Dropmark is my new service for bookmarks and collecting, sharing neat stuff

Like many nerds, I started using Pinboard for a bookmarking service quite a while ago. Being an app person, I’ve shuffled through a handful of iOS and Mac apps as my actual interface for it. I’ve also bounced between Droplr and CloudApp for sharing files from time to time. But a few months ago I found Dropmark and its still-in-beta but excellent iOS app, and it’s become my replacement for all of this.

Pinboard is a fine enough service, but I have two big complaints about it. First, I find its design lacking and difficult to navigate and use. While apps are a decent enough workaround most (but not all) of the time, my second and more important complaint is that Pinboard refuses to support multi-word tags. They’re really important to the way I think and work.

Plus, I’m able to use multi-word tags on nearly every other service that matters to me—Tumblr, WordPress, Weebly, Squarespace (for client work), Pocket, Evernote, the list goes on. If you ask me, multi-word tags are basically synonymous with internet content, and have been for nearly two decades.

Dropmark calls itself “a smart way to organize all your links, files, and notes into visual collections” (collections = folders). I use it for two main purposes: bookmarks and sharing files or collections. For example, my main bookmarks are private (and I actually edited out a couple private collections in my post screenshot for unannounced projects), but here are my public collections of:

I’ve created a couple Dropmark collections of example links and videos to share with clients for new projects. It went pretty well. I also have a “Scratch” collection for when I need to quickly share a file with someone when email or MailDrop aren’t a good fit.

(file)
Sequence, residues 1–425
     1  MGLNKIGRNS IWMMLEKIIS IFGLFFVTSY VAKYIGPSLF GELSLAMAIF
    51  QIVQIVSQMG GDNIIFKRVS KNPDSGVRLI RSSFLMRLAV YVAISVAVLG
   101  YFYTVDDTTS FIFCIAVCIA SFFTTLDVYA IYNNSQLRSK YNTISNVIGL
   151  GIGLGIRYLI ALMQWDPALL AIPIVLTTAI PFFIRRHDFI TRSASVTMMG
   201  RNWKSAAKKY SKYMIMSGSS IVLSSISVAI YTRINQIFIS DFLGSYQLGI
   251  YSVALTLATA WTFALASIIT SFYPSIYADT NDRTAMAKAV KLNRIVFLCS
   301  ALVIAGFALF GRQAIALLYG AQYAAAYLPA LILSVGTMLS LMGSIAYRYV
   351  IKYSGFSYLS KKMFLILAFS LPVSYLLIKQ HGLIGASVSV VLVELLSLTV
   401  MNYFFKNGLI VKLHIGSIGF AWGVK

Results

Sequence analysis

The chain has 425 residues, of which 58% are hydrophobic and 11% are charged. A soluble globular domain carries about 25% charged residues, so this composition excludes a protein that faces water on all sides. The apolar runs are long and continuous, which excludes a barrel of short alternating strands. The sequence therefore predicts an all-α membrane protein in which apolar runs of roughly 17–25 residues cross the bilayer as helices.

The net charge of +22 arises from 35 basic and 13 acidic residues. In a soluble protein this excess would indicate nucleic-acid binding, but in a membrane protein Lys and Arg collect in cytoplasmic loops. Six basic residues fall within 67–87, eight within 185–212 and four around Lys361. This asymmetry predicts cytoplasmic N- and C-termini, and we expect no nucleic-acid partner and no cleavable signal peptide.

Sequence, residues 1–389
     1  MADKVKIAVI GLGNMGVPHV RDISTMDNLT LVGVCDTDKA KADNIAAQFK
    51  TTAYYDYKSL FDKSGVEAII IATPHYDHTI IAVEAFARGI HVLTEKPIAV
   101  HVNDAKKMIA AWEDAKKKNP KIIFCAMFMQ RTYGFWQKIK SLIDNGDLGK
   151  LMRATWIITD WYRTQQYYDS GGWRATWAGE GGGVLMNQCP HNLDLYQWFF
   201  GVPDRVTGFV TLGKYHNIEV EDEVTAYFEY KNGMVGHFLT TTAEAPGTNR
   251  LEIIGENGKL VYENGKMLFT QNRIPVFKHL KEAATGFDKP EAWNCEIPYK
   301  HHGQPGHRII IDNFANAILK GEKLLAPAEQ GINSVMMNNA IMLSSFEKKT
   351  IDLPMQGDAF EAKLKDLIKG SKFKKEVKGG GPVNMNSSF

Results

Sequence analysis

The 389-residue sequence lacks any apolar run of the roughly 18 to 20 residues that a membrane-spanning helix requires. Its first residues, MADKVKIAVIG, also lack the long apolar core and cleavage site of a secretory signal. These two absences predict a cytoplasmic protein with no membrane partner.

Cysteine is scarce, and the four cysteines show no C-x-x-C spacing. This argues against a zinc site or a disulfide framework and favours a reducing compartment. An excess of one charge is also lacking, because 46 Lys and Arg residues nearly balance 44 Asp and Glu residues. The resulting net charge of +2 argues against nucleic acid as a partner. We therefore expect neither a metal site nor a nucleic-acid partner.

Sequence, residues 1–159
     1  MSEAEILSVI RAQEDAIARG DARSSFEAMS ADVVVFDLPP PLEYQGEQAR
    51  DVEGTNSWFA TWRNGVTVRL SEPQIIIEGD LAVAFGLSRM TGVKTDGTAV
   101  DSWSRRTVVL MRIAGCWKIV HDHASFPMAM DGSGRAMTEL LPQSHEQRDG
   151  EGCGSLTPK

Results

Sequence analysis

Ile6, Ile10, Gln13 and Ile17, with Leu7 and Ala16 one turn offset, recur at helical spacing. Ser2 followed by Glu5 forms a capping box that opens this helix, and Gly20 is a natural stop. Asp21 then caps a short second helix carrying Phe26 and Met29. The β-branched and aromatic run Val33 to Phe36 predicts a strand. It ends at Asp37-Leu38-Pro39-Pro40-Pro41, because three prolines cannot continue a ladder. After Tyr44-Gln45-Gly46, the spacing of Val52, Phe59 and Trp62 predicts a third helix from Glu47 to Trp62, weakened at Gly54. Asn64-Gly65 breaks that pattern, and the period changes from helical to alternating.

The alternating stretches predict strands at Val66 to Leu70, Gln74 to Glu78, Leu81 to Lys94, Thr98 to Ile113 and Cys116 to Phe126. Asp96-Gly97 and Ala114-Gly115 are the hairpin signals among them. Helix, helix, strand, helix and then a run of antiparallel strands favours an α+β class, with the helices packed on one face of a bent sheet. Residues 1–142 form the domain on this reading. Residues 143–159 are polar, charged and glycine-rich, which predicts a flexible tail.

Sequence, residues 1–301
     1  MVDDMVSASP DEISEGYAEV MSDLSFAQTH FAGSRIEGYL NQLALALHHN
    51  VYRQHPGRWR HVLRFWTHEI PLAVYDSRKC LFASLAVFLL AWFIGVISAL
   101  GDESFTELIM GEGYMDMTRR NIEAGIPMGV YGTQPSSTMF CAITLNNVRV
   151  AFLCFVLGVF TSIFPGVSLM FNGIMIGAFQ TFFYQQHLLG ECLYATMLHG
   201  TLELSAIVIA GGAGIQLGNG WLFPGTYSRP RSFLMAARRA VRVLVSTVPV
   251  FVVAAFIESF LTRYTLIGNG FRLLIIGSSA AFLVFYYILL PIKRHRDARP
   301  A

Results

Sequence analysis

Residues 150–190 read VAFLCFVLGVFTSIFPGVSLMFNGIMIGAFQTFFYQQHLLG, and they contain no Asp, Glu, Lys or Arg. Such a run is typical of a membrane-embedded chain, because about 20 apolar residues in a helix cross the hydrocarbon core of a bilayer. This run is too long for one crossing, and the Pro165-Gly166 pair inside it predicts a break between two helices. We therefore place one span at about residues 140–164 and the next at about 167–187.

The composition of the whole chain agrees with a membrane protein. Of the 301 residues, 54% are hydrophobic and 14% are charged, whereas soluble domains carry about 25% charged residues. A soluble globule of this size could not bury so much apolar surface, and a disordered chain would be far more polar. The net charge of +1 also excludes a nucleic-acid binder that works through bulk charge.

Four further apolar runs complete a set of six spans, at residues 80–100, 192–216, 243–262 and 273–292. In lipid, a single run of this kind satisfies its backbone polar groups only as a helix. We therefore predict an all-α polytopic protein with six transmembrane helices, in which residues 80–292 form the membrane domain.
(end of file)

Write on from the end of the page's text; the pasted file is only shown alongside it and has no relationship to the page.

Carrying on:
Dropmark has a great browser extension and Mac menubar app. For the past few months, it’s also been beta test a really good iPhone and iPad app that has a strong app extension. Even though it’s only in beta, the iOS app was really what got me to buy in, being a mostly-mobile person these days.

Dropmark has a few free and paid plans. Theres a trial for testing out all the features, a free plan if you don’t need much, then paid plans for individuals and teams. I’m on the Individual Pro plan at around $50/year, which unlocks features like:

  • tags
  • unlimited collections
  • private collaboration (you can add people to a collection so they can add things with you)
  • a custom domain (you can see all my public collections at share.chartier.land)
  • quite a bit more

I’ve been pretty happy with Dropmark and now consider myself to be switched over full-time. I still use similar services like Evernote and Pinterest for specific purposes, but I like Dropmark for what I need it to do. I also like that it’s a paid service, and even its free options seems refreshingly reasonable to me. You get a free trial of all its features, but the ongoing free plan restricts a good amount of stuff. If you need more, you can pay to support the service. Seems fair.

📱💻 How to close all Safari tabs at once

Safari for iOS and Mac has a quick shortcut for clearing out all your tabs, except the current one you’re viewing, and starting fresh.

📱 – Tap and hold on the tabs button (the two overlaid squares), a “Close [X] Tabs” option will appear

💻 – Command-Option-W, or hold the Option key and go to File > Close Other Tabs

Photos can search for people, places, and things

Photos for iOS and Mac can seem deceptively simple, but it hides a fair amount of search (and editing) power. For example, you can search on any of your devices for something like “water” or “California,” and it will return results for that thing or that place.

If you’ve trained Photos to recognize some of the people in your photos, you can search for them too.

You can learn more about how this works on iOS and on your Mac. Note that, when it comes to identifying people, the faces you identify unfortunately don’t sync between devices.

[via OS X Daily]

Some thoughts after upgrading to an Apple Watch series 2

I’m a fan of the Apple Watch and I’ve worn my original (series 0) nearly every day since it arrived in May 2015. While watchOS 2 and 3 have been a big help in making the Watch more useful, mine started feeling more sluggish as I used more features and newly native apps more regularly. A little while ago I decided it was time to upgrade, and last week I jumped.